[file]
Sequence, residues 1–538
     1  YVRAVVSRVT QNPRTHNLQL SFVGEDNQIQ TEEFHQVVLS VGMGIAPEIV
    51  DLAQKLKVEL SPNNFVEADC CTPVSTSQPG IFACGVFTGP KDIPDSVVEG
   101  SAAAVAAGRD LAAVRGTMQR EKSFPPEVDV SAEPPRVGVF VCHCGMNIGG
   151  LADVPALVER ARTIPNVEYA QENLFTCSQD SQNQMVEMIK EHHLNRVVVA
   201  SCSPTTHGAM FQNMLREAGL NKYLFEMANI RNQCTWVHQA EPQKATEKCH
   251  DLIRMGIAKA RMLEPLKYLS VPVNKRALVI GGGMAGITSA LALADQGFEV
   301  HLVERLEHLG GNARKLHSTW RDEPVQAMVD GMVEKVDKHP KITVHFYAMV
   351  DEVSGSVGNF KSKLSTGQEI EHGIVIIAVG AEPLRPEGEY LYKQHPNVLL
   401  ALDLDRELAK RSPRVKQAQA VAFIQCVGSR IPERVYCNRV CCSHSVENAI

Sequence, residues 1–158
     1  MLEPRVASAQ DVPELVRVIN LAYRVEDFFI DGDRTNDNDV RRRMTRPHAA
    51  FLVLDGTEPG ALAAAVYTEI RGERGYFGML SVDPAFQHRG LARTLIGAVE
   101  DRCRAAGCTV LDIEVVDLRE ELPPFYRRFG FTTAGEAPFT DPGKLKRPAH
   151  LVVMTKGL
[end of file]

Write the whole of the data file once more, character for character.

Sequence, residues 1–538
     1  YVRAVVSRVT QNPRTHNLQL SFVGEDNQIQ TEEFHQVVLS VGMGIAPEIV
    51  DLAQKLKVEL SPNNFVEADC CTPVSTSQPG IFACGVFTGP KDIPDSVVEG
   101  SAAAVAAGRD LAAVRGTMQR EKSFPPEVDV SAEPPRVGVF VCHCGMNIGG
   151  LADVPALVER ARTIPNVEYA QENLFTCSQD SQNQMVEMIK EHHLNRVVVA
   201  SCSPTTHGAM FQNMLREAGL NKYLFEMANI RNQCTWVHQA EPQKATEKCH
   251  DLIRMGIAKA RMLEPLKYLS VPVNKRALVI GGGMAGITSA LALADQGFEV
   301  HLVERLEHLG GNARKLHSTW RDEPVQAMVD GMVEKVDKHP KITVHFYAMV
   351  DEVSGSVGNF KSKLSTGQEI EHGIVIIAVG AEPLRPEGEY LYKQHPNVLL
   401  ALDLDRELAK RSPRVKQAQA VAFIQCVGSR IPERVYCNRV CCSHSVENAI

Sequence, residues 1–158
     1  MLEPRVASAQ DVPELVRVIN LAYRVEDFFI DGDRTNDNDV RRRMTRPHAA
    51  FLVLDGTEPG ALAAAVYTEI RGERGYFGML SVDPAFQHRG LARTLIGAVE
   101  DRCRAAGCTV LDIEVVDLRE ELPPFYRRFG FTTAGEAPFT DPGKLKRPAH
   151  LVVMTKGL